The copper comes from a small mountain called Sabei mountain. The farmers at the base of the mountain have been forced off their land to make way for the copper mining. The villages at the bottom of the mountain are: Don Taw, Ywa Tha and Gon Taw.

The people are dependent for their water on the wells. More and more people are developing skin irritations which form round patches on the skin. Because the people are unaware of the dangers, they do not hesitate to touch the waste while carrying out their daily activities.

Press Releases/Statements and News

Burma Parliamentary delegation expected in Canada

CFOB statement on latest communal violence in Burma

What more can Canada do in Burma? - Tin Maung Htoo

Burma’s Kachin seek Canadian support

Staying true for human rights for all - Rebecca Wolsak

Why Inter Pares is wrong on Burma - Tin Maunng Htoo

CFOB concerned with Kachin conflicts in northern Burma

CFOB 2012 Annual Report released!

Statement on CFOB AGM on Dec. 15, 2012

Burmese Civil Society Organizations Dismayed by Inter Pares

CFOB AGM on Dec. 15 in Toronto

Minister Jason Kenney to Meet with Prominent Buddhist Monk

CFOB in Crisis with Rohingya in Burma

Baird Concerned about Renewed Violence in Rekhine State

Burmese Foreign Minister Queitly Visited to Canada

CFOB Policy Statement: “Navigating the thaw: Burma-Canada Relations in 2012 and beyond”

Over 70 Canadians and Burmese activists cleared from 'Blacklist'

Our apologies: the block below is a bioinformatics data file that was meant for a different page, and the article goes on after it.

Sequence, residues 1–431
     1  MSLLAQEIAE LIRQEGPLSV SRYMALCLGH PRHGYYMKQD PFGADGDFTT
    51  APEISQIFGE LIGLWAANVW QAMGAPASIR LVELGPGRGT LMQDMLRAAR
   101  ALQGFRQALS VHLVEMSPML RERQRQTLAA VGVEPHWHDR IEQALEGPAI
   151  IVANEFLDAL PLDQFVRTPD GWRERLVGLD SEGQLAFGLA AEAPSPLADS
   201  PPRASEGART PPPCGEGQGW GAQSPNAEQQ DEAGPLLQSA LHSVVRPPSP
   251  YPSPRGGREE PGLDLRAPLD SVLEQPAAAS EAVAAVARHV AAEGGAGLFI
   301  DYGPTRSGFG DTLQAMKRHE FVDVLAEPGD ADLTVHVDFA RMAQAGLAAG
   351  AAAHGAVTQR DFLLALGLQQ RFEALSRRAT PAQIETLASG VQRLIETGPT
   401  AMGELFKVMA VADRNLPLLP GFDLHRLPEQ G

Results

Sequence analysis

Revised: Canada Calls for Peaceful Solution in Arakan state of Burma

Advocating humanitarian assistance to Kachin IDPs in Burma

Parliamentary Testimony with Aung Din (USCB)

Parliamentary Testimony with Tin Maung Htoo (CFOB)

Minister Kenney Surprises Burmese Community with Announcement

Minister Jason Kenney to meet with Burmese community leaders in Toronto

Policy Consultation on Burma

Burma Day - Celebrating 20th of CFOB

Long-time Burma supporter Brian John passed away

CFOB pleased by prisoners release but more reform needed

CFOB Welcomes Fine For Firm That Illegally Exported Plane to Burma

CFOB Welcomes U.S Secretary of States Visit to Burma

CFOB Saddend by the Loss of Jack Layton

Cross Canada bike ride for Burma reaching to final destination

Ivanhoe received US$103 million from Burma's copper mines

Burmese President accepts credentials of Canadian Ambassador to Burma

Aung San Suu Kyi supports UN commission of inquiry on Burma

Transfer of Ivanhoe's Burmese assets to weapons firm must be probed

Canada Sends Best Wishes to Aung San Suu Kyi on Her Birthday

66th Birthday Events of Aung San Suu Kyi in Canada

Suu Kyi to be honored on Canada Day in Côte Saint-Luc

Cross-Canada Bike Ride for Burma

Suu Kyi addresses to Conference on ‘Ending Sexual Violence in Conflict’

New Burmese Ambassador to Canada: a messenger for new regime in Burma?

Media coverage on detained Canadian in Burma

Suu Kyi to deliver video message at Carleton University

Carleton University to Honour Aung San Suu Kyi

Canada to Support 'Commission of Inquiry' on Burma's rights violations

Canada to Renew humanitarian support

Canada to welcome additional 1,300 Karen Refugees from Thai-Burma Border

CFOB Welcomes Opposition Party Calling for Economic Sanctions

Two events today in Toronto and Vancouver to mark DSSAK Day

CFOB applauds government and Parliament for granting Honorary Citizenship for Suu Kyi, and urges more action on Burma

CFOB welcomes throne speech to honor Suu Kyi with Honorary Citizenship

Canada Welcomes Statement by the United Nations Security Council on Burma

More news...

Annual Reports

2012 Annual Report

2011 Annual Report

2010 Annual Report

2009 Annual Report

2008 Annual Report

2006 Annual Report

2005 Annual Report


We offer an archive of many publications from agendas of upcoming events to reports and booklets.